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Washington D.C. – On June 26, the Department of Homeland Security (DHS) is poised to publish a final rule in the Federal Register that will make it more difficult for asylum seekers to apply for and obtain employment authorization in the United States. The rule will take effect 60 days from its publication date.
“These policy changes will be devastating to asylum seekers in this country,” said Krish O’Mara Vignarajah, President & CEO of Lutheran Immigration and Refugee Service (LIRS). “Denying work permits, in effect, denies them the legal right to provide the most basic necessities for themselves and their loved ones while they await what little due process is afforded to them.”
Under the new final rule, DHS would be able to deny employment authorization to asylum seekers who did not cross the border at an authorized port of entry—making thousands of those who have fled violence and persecution at the southern border ineligible to work while their cases are adjudicated in a typically years-long process. The policy would also extend the waiting period to apply for employment authorization to 365 days from the date of application filing, leaving asylum seekers who crossed at ports of entry unable to work for a full year.
“We expect immigrants to pull themselves up by the boot straps, but this rule effectively denies them the right to boots for a full year,” said Vignarajah. “This denial forces them into the shadows to seek work to support themselves. Not only would the proposed changes be destructive to vulnerable families, they are likely to result in a loss of millions of local, state, and federal tax dollars.”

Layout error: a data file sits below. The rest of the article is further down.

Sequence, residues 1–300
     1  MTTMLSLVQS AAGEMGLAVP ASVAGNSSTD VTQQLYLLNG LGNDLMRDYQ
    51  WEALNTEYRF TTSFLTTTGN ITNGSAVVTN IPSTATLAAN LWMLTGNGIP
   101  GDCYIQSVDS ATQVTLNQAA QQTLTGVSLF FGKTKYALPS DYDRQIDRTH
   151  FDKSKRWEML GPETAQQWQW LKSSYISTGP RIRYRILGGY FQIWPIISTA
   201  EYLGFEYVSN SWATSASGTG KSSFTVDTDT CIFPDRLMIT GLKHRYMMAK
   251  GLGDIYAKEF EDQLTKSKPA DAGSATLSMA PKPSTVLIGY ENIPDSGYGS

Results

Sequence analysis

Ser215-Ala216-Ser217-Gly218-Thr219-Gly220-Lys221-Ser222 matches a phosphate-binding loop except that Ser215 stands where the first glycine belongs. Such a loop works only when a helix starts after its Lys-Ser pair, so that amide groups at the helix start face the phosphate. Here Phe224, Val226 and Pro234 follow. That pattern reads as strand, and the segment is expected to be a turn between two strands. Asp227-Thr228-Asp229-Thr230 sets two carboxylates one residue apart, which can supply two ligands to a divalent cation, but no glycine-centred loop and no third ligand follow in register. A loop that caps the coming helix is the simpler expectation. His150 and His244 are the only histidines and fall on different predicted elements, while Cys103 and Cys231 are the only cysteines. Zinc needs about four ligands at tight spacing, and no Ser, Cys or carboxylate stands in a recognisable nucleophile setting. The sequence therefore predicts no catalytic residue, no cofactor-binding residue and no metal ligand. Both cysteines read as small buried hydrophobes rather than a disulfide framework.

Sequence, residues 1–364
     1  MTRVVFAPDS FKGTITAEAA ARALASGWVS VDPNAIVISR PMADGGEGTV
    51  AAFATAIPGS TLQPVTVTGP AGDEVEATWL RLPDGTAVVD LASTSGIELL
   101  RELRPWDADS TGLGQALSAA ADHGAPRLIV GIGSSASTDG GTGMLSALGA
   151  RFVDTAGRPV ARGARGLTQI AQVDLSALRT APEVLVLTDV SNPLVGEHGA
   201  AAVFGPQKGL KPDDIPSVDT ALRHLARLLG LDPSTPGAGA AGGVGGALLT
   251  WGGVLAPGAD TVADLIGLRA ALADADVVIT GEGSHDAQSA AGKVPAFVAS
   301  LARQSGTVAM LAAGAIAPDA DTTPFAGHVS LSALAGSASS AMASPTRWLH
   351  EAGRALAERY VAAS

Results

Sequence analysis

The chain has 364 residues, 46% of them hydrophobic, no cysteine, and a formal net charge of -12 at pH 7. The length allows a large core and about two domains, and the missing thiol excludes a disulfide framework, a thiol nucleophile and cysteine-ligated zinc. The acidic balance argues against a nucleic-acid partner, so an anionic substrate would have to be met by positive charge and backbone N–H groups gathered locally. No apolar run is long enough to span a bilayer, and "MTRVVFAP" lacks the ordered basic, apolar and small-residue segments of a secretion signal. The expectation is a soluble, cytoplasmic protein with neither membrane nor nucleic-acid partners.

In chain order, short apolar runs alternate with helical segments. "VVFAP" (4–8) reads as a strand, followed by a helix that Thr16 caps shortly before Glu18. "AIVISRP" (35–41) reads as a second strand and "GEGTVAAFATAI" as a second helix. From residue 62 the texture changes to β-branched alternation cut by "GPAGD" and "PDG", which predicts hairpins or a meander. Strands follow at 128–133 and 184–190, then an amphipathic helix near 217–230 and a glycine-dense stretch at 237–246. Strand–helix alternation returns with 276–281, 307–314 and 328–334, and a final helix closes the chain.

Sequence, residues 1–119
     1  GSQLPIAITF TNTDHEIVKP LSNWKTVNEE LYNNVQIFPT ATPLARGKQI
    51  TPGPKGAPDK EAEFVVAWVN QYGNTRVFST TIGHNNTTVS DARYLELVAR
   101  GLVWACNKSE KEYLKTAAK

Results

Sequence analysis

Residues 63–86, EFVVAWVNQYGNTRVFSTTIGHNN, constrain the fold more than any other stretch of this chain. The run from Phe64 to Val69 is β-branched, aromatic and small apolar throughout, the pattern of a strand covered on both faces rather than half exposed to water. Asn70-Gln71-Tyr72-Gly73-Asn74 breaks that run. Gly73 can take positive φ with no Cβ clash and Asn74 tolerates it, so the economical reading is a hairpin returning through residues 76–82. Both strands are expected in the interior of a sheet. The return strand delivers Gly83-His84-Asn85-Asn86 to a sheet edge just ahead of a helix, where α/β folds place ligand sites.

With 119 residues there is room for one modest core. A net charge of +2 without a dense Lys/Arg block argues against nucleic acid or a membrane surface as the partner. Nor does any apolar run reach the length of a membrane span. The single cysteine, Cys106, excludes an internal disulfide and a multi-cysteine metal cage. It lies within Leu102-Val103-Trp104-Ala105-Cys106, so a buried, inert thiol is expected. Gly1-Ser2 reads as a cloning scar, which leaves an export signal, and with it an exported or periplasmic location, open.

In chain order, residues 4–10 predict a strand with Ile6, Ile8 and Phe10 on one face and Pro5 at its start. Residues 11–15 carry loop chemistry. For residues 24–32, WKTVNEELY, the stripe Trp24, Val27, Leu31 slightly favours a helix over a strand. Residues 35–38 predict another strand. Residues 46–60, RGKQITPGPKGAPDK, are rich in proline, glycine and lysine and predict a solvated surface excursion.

Other provisions of the policy include a two-year limit on all employment authorizations; a separate final rule published in the Federal Register on Monday, June 22, 2020 removes a requirement that ensures U.S. Citizenship and Immigration Services (USCIS) grant or deny initial employment authorization within 30 days of an asylum seeker’s application filing date.
The final rule comes after a number of policy changes meant to drastically reduce asylum claims, including the “Remain in Mexico” program, metered entry at the border, immediate “expulsion” of migrants under new pandemic policy, and raised eligibility standards for asylum seekers proposed as an unpublished rule in the Federal Register on June 15.
“What we’re seeing can only be characterized as an all-out blitz on the very concept of asylum in the U.S.,” concluded Vignarajah. “These policies either slam the door shut on asylum seekers, or inflict a nightmare of impossible living conditions on those fortunate enough to be here already.”
Founded in 1939, Lutheran Immigration and Refugee Service (LIRS) is one of the largest immigration and refugee resettlement agencies in the United States. LIRS is nationally recognized for its leadership working with and advocating for refugees, asylum seekers, unaccompanied children, immigrants in detention, families fractured by migration and other vulnerable populations. Through 80 years of service and advocacy, LIRS has helped over 500,000 migrants and refugees rebuild their lives in America.